"Why should I run for office?" Mr. Gore asked, the impatience evident in his voice. "I have no interest in running for office. I have run for office. I have run four national campaigns. I have found other ways to serve my country, and I am enjoying them."
After a period in which he had worn out his welcome in some quarters, these have been days of some vindication for Mr. Gore, the Tennessee Democrat who likes to introduce himself as "the man who used to be the next president of the United States," a melancholy reference to his defeat — a characterization he might be inclined to dispute — by President Bush in 2000.
The warnings of global warming that led former President George Bush to mock Mr. Gore as "Ozone Man" in 1992 hardly seem far-fetched in these days of melting ice caps and toasty winters. Mr. Gore's tough condemnation of the war in Iraq, once derided by the White House as evidence of Mr. Gore's extremism, seems positively mainstream today.
He and his documentary, "An Inconvenient Truth," have been celebrated from Cannes to Hollywood — "Even Bill O'Reilly liked it!" Mr. Gore said — as he has become the toast of the Democratic left and the blogosphere.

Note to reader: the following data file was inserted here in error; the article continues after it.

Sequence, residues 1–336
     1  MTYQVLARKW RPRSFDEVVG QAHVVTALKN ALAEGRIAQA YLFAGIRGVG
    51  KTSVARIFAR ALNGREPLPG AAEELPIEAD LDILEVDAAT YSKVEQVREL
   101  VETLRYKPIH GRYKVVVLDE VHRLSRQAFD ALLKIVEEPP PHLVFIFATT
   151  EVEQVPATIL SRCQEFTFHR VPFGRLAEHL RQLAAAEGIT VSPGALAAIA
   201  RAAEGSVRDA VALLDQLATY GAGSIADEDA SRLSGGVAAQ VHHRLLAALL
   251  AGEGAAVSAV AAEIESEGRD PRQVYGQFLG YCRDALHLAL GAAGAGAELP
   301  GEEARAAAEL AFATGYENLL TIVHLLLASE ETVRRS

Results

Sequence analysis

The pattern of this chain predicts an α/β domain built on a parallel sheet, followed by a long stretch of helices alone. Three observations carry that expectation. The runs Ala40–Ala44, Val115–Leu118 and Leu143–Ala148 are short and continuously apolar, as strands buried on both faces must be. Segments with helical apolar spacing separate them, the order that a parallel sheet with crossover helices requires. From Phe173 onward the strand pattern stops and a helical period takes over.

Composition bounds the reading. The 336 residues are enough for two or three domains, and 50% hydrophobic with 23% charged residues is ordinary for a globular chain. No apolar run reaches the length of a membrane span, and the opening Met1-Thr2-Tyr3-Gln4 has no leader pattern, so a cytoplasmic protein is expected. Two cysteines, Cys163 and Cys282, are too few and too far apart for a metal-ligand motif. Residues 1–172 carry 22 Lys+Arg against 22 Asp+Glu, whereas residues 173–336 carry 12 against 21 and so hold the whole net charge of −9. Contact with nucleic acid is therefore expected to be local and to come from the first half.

With some Democrats recoiling at the prospect of Senator Hillary Rodham Clinton as their party's nominee, there is entirely plausible speculation of how Mr. Gore could beat her and capture the Democratic presidential nomination, should he choose to do that.
Yet if Mr. Gore has any annoyance these days, it is at the suggestion that "An Inconvenient Truth" was nothing more than the calculated first stirrings of a campaign for president by a man who has spent most of his life practicing politics and is no stranger to its manipulations and machinations. "I am not trying to feed that or stimulate that," he said.
When Mr. Gore started promoting the movie, he methodically sought out environmental reporters rather than political reporters, an aide said, to head off the very kind of is-he-running stories that his friends insist offended him, even as they helped draw attention to his movie.